Egypt’s Adjustments Lack Depth For Religious Freedom Change

11/04/2021 Egypt (International Christian Concern) – Egypt’s courts accepted a case for the removal of the religious identification field from national ID cards at the end of October, a step in the right direction as many have called for its removal for years. Elsewhere in the court system however, prisoners of conscience, including human rights activists, are being referred to emergency courts, where the rulings are not subject to appeal.

Naguib Gabrail, head of the Egyptian Union for Human Rights, filed the national ID case with the Administrative Court, citing that religious identity is often abused for religious-based discrimination. Though its removal will not put an end to all forms of persecution, the issue has caused concern for some time and would submit Egypt’s Christians as equal before the law. The issue has been raised unsuccessfully before in 2016 and 2018.

However, without addressing deeper discrimination issues, beneficial yet surface-level changes will yield little impact on Egypt’s Christian community. The indefinite pre-trial detention of prisoners of conscience and their referral to the emergency courts system indicate a deep need for changes in Egypt’s legal system. Several human rights activists have been in pre-trial detention for longer than the allowed 24-month period. Patrick Zaki is nearing the end of the allowed detainment period, though his case has already been referred to the emergency court. On October 16, several prisoners of conscience were referred before an emergency court, which technically does not have jurisdiction over civilians.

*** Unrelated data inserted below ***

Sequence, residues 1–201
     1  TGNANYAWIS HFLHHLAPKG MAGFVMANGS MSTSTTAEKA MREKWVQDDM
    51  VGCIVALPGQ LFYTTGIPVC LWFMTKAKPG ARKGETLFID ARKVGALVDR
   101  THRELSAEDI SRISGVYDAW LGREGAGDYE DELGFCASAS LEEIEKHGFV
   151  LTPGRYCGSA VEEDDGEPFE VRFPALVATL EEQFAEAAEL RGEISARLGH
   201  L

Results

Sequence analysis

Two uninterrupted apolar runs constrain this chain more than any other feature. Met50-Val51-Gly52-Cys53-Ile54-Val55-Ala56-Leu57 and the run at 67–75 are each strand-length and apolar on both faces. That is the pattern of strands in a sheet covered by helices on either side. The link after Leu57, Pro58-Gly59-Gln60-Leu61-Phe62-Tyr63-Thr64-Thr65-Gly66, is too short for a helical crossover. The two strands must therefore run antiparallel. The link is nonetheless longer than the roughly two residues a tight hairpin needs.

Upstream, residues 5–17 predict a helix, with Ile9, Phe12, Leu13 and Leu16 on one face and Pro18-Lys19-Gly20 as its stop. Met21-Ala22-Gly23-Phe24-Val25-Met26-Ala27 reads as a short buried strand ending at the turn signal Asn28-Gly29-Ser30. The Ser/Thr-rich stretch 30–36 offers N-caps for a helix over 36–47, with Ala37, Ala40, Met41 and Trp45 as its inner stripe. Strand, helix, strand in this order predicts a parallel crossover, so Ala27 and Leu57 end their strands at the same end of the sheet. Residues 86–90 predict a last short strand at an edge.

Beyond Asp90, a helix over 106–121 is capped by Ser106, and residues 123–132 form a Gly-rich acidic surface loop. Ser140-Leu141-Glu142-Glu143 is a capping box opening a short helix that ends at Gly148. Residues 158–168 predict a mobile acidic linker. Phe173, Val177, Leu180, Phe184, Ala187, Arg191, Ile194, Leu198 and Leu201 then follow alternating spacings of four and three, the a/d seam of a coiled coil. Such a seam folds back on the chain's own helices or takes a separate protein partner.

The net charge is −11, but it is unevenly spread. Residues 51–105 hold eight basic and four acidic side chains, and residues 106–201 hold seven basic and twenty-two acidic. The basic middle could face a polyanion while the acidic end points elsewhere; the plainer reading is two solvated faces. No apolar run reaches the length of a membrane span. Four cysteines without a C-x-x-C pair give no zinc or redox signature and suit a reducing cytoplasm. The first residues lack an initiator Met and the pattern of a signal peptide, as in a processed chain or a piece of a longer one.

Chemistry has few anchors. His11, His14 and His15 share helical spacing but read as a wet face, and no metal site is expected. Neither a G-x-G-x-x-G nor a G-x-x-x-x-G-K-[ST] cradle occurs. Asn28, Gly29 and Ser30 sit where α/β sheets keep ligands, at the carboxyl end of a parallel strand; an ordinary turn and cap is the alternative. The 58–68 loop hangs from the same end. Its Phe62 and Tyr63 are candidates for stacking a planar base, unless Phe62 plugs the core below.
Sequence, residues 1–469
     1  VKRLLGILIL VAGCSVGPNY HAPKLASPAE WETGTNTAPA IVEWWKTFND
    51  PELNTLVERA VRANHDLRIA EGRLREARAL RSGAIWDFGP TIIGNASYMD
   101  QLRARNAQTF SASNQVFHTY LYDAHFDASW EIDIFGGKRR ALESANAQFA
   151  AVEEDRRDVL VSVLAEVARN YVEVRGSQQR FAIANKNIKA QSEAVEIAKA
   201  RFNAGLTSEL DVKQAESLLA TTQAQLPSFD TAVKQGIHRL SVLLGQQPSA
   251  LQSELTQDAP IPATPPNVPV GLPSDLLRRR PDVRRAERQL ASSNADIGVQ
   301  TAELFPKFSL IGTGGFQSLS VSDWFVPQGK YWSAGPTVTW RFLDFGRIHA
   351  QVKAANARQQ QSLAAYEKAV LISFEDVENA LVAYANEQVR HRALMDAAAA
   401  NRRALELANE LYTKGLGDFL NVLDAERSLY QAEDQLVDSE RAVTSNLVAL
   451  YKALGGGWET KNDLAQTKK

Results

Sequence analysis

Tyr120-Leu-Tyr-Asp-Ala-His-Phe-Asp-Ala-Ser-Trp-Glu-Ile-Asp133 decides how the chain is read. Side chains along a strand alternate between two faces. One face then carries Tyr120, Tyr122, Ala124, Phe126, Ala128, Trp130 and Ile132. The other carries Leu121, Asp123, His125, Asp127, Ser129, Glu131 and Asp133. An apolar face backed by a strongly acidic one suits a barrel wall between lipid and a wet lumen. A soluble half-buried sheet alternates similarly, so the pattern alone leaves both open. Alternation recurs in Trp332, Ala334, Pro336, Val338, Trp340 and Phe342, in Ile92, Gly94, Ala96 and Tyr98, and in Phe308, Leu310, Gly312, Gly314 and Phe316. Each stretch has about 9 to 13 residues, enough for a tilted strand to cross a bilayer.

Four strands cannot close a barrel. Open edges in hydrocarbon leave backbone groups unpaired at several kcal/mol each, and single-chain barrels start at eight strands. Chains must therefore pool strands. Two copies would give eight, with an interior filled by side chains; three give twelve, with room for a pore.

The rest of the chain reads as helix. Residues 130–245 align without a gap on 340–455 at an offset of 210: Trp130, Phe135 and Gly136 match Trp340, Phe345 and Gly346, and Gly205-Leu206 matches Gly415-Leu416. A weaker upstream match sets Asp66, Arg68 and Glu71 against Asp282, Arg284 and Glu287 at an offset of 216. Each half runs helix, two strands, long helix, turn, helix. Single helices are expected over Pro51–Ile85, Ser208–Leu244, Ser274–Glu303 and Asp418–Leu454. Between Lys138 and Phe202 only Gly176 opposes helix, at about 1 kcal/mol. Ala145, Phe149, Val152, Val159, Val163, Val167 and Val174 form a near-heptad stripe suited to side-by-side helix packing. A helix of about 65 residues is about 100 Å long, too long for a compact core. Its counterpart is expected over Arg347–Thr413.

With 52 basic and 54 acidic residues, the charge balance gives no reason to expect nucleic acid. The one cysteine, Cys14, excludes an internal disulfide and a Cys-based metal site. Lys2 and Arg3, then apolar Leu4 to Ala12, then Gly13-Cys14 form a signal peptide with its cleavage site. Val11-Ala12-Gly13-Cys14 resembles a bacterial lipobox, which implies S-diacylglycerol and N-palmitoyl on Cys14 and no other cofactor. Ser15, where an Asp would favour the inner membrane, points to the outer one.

A joint letter released on October 19 by organizations calling for changes stated that the detainment was  “a form of open-ended punishment by recycling detainees into new cases with identical charges once they have served the maximum legally-allowable duration”. Regarding the transfer to emergency courts, an anonymous researcher also told Al-Monitor, “The rulings of these courts are final and cannot be appealed or overturned before other courts, which is a fundamental violation of human rights, the right to a fair trial and the defendants’ right to appeal the verdicts issued against them.” The rulings decided in emergency courts cannot be appealed or submitted for retrial. The only objection comes through filing with the military ruler, though the process has never proven successful.

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